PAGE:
THE EDITOR: After two terms in government, Kamla Persad-Bissessar is seeking the nomination of her party and a chance for another term in office. If she wins, her party would have lost the opportunity to elect someone with a different approach to governance.
In a democracy, the people ultimately determine who is elected into office and as Persad-Bissessar has indicated in the past, she subscribes to the saying that the voice of the people is the voice of God.
As I write, I am a few thousand feet in the air on a flight. Up here it always seems that God is nearer, perhaps because we tend to see God as above in the sky. And so, I ask God, what are You saying?
Is the voice of God in support of limiting our choices of leaders to those who have proven that they just don’t understand what is possible if our people unite in rebuilding our land?
Is the voice of God saying that it is OK for just over one million people, living on an island 70 miles by 40 miles, to go through over $600,000 billion in a ten-year period and not have a reliable water supply and with such an abundance of water that the land is saturated?
Is the voice of God saying that a few criminals must hold the population in a state of fear as the Judiciary and protective services cower to the point that some are seeking asylum from a foreign country? What is the voice of God saying to us? I ask this as I feel that up here, uninterrupted by the contaminants of Earth, I may hear something to inspire us, to offer us hope.
Could God be saying to a people who boast of producing sportsmen and women among the best in the world, a people whose literature has gained international notoriety, and whose women have been adjudged the most beautiful in the world, that you do not need any messiah politician, you just need each other?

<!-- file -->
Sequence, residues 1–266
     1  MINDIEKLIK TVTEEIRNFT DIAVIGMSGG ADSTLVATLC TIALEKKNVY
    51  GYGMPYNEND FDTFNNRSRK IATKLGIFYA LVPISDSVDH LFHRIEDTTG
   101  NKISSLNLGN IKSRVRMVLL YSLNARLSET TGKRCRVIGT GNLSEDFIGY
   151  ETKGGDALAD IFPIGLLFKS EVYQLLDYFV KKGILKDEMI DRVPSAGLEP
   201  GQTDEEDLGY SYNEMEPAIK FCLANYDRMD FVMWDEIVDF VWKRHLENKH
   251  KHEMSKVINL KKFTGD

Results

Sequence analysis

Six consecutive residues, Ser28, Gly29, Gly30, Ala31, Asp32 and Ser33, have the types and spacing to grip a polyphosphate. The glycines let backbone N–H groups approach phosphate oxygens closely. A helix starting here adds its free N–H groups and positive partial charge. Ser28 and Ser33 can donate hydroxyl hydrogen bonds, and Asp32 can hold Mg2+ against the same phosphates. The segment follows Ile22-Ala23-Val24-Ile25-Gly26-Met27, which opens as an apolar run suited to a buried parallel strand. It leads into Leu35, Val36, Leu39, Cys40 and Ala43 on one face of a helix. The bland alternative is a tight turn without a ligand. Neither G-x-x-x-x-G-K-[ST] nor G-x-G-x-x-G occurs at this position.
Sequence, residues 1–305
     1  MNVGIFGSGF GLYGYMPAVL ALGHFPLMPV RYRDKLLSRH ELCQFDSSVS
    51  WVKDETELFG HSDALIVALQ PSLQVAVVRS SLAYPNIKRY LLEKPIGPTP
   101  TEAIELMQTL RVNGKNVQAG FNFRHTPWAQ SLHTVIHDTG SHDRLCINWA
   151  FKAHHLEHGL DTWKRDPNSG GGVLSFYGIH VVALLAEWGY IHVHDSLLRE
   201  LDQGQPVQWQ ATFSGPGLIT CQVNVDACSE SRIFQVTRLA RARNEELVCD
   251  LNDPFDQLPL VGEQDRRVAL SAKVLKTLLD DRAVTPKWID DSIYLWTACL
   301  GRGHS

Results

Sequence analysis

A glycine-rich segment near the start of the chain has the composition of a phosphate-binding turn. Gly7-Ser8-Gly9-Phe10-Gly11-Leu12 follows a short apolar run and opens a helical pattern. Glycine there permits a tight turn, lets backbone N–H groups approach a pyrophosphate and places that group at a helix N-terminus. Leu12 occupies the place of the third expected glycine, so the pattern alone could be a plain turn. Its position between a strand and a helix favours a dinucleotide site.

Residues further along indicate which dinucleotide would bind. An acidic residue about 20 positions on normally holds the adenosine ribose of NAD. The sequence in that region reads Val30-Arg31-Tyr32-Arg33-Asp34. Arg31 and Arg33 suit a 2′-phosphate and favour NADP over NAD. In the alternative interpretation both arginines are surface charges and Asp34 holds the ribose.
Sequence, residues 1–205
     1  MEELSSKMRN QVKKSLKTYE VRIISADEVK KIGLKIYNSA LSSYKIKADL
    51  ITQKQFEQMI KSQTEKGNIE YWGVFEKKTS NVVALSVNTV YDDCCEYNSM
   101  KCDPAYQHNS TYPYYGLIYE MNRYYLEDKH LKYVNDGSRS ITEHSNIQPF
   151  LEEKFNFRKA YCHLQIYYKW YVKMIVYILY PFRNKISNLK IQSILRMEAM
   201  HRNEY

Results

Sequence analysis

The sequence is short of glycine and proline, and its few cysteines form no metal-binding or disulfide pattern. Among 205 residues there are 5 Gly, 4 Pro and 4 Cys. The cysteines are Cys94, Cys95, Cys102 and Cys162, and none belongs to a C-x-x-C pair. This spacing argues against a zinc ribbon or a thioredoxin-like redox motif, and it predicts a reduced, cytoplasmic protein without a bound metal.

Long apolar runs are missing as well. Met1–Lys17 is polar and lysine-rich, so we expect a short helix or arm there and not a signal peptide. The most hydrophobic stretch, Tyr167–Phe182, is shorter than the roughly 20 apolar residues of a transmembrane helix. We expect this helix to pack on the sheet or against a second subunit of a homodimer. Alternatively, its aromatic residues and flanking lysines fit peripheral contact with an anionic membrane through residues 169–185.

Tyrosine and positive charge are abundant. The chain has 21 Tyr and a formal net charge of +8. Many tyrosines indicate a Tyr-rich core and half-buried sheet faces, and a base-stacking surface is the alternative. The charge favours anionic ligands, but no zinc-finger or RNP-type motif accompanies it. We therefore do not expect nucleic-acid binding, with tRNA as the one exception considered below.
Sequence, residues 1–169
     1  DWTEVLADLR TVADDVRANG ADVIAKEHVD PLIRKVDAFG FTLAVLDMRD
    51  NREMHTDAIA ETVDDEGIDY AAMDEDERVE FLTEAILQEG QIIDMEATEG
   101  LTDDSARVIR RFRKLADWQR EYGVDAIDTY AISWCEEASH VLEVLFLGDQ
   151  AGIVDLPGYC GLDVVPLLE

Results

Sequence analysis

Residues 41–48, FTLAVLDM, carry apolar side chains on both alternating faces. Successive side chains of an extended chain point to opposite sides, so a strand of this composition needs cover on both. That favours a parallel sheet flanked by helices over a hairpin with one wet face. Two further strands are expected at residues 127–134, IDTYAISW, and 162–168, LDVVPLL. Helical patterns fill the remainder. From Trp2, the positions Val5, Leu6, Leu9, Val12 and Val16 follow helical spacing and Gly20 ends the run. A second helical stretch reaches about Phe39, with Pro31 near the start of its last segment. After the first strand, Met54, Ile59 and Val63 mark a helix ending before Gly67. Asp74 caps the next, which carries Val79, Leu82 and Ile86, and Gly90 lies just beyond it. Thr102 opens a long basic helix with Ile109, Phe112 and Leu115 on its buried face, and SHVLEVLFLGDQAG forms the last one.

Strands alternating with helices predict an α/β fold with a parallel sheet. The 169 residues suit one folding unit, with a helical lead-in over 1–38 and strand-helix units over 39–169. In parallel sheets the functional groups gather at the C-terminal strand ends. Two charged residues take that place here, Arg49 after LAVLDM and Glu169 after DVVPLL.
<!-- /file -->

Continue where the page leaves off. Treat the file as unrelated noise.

Could God be calling on us to cast off our burdensome clothing of red and yellow and put on the garment of red, white and black and together rescue our land from the few who see their hold on power as a divine right?
If God were to speak to us, would He be saying that in a land blessed with human and monetary wealth we can transform our rock of despair to a place where the water flows for all?
Is He saying together we can have communities where our children play safely knowing that their future is in good hands, all because we dared to trust the good in us and not the politicians who hold on to power by dividing us?
Up here where things are much clearer, He seems to be saying that we can only make it if we come together as one people, one nation. That requires us to take a new path, one where we take charge of our own destiny. That requires us to start by saying bye-bye to the red and yellow divisiveness, the leaders and their culture of divide and rule. It seems like the only answer.
All our challenges may be addressed with greater efficiency if we find the strength to unite. Alternatively, hopelessness reigns.
STEVE ALVAREZ via email